Today, our ideas of the proper ways to view and learn from a dead body are much more limited and conservative than they were at that time. I think death has become exotic to us because it’s something we don’t see. At this time, death was not exotic. Life expectancy was much shorter and children often died before reaching adulthood. People butchered their own animals. Horses were dying in the street.
So it wasn’t seen as improper to take an interest in the dead body and to learn from it. The fact that Gunther von Hagens’s “Body Worlds” is still hugely popular shows that this really hasn’t changed. People are really curious about their bodies and learning about them.
Collectors Weekly: What other anatomical models existed before the Venus?
Ebenstein: Earlier in the 18th century, Abraham Chovet had exhibited an anatomized woman including glass veins with wine inside them to look like blood circulating. But Chovet’s model was criticized because it represented the figure as if she was basically being dissected alive—she looked as if she was in pain.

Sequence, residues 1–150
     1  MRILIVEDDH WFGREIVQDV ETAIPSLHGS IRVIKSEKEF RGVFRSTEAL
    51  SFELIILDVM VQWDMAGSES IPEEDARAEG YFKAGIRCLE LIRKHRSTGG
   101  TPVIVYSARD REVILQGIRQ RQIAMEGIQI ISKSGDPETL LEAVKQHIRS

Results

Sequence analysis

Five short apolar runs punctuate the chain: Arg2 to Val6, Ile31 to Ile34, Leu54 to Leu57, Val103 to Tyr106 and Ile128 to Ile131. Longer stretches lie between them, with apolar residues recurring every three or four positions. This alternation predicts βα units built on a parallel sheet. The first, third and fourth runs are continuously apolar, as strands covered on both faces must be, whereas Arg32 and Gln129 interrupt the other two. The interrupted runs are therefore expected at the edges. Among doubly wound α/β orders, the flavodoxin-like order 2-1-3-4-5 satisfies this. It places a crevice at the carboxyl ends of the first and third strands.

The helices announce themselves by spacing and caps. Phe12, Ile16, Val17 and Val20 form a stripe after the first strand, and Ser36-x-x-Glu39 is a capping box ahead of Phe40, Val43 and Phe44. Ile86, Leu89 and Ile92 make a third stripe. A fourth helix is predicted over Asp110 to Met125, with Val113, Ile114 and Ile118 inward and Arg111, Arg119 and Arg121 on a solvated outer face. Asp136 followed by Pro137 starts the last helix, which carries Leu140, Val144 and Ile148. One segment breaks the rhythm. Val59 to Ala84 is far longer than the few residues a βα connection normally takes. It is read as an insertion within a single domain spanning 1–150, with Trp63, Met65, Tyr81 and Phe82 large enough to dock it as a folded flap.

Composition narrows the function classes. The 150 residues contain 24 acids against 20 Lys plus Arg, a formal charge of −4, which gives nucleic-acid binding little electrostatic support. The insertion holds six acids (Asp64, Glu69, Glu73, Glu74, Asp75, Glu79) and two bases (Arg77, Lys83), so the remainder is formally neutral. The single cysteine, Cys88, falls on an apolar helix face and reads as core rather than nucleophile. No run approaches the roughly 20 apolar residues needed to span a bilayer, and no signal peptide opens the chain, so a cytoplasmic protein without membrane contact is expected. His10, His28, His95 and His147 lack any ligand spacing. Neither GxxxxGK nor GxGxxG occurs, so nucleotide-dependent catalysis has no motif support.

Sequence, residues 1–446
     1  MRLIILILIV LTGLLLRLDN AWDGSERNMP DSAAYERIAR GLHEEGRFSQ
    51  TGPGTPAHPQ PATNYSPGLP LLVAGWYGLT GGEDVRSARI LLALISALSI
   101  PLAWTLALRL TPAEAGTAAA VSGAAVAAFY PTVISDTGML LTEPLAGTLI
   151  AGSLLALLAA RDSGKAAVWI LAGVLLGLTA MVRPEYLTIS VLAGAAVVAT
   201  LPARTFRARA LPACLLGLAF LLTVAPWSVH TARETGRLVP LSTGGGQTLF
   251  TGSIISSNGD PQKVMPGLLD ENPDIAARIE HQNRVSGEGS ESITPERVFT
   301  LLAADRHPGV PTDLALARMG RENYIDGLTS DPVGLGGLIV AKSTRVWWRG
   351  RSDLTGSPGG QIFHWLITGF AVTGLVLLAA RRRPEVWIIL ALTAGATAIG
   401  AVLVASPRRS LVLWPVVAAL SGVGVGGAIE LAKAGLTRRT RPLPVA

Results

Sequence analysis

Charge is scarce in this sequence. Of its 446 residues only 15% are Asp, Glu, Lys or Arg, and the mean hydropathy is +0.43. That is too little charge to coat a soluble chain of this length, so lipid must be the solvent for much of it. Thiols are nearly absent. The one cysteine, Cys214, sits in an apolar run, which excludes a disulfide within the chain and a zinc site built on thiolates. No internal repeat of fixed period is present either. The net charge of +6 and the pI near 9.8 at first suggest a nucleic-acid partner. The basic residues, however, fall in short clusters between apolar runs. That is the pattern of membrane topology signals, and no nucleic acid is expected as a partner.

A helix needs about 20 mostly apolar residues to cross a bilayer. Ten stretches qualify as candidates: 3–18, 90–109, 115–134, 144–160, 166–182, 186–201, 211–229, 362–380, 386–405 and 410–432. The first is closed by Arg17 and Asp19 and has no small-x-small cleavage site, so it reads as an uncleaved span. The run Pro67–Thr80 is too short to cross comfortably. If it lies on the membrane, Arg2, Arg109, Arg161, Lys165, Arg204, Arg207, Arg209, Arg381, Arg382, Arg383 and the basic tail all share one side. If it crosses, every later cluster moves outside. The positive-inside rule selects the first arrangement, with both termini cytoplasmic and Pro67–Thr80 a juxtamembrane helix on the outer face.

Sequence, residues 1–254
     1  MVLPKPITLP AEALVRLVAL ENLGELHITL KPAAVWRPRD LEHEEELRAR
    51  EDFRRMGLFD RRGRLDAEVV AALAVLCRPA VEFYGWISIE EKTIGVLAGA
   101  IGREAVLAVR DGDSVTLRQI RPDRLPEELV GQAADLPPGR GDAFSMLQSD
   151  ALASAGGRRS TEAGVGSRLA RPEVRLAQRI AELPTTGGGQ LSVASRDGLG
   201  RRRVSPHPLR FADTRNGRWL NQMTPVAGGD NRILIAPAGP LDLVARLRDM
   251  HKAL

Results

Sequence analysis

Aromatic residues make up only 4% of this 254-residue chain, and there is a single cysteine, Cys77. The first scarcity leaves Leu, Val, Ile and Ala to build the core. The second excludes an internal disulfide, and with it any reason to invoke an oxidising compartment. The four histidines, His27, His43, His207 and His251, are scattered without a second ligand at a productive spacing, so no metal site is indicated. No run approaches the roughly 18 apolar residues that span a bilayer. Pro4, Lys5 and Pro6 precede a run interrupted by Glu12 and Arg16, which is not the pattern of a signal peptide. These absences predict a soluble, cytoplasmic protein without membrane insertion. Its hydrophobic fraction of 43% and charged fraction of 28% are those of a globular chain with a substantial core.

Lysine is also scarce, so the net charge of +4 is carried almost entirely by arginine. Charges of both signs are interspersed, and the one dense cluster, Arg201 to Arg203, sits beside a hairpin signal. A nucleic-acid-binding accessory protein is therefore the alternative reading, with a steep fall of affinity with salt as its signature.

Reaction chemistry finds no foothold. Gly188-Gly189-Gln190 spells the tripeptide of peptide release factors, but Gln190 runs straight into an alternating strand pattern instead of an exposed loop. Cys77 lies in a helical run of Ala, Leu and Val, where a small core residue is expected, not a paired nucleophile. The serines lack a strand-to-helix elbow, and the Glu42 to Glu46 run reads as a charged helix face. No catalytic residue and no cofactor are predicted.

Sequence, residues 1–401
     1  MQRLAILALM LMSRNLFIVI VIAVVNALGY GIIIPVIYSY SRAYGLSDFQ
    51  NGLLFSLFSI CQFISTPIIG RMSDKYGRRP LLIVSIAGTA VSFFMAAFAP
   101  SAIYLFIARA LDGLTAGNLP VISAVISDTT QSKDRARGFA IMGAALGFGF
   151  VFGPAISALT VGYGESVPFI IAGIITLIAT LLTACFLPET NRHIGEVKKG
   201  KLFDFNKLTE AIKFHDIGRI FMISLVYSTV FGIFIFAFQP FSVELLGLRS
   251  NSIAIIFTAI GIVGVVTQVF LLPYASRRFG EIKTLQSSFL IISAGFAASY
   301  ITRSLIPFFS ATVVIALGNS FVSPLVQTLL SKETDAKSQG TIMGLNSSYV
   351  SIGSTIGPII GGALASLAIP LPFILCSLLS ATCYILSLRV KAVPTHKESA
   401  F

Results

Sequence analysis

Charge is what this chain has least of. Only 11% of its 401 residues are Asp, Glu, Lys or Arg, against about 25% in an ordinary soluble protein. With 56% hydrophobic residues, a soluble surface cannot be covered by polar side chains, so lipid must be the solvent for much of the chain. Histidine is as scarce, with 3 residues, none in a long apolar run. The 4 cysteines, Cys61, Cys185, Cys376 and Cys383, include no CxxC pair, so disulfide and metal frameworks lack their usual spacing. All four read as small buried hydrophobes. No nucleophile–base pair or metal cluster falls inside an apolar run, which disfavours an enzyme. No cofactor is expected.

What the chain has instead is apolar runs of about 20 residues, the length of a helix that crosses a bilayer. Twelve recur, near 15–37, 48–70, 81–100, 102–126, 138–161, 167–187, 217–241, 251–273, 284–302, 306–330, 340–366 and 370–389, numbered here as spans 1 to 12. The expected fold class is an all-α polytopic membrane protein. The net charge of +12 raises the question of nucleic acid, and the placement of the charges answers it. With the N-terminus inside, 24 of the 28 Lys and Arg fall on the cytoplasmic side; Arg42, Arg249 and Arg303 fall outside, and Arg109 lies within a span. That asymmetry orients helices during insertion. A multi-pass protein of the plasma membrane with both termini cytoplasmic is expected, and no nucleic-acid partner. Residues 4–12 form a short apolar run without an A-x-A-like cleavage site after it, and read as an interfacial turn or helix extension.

The first anatomical wax was created around 1700 by this guy named Zumbo, who was already renowned for making what are now called his “Theaters of Death.” These were allegorical dioramas filled with lots of tiny dying and decomposing bodies. The scenes had names like “The Triumph of Time,” “The Plague,” or “The French Disease,” which would have meant syphilis.
A doctor and anatomy professor named Guillaume Desnoues asked Zumbo to make a wax copy of a medical preparation that was starting to decay—a real human dissection of a woman and fetus who had died in childbirth and were preserved in spirits as a teaching aid. That partnership between a doctor and an artist to create naturally observed effigies is how anatomical models were born.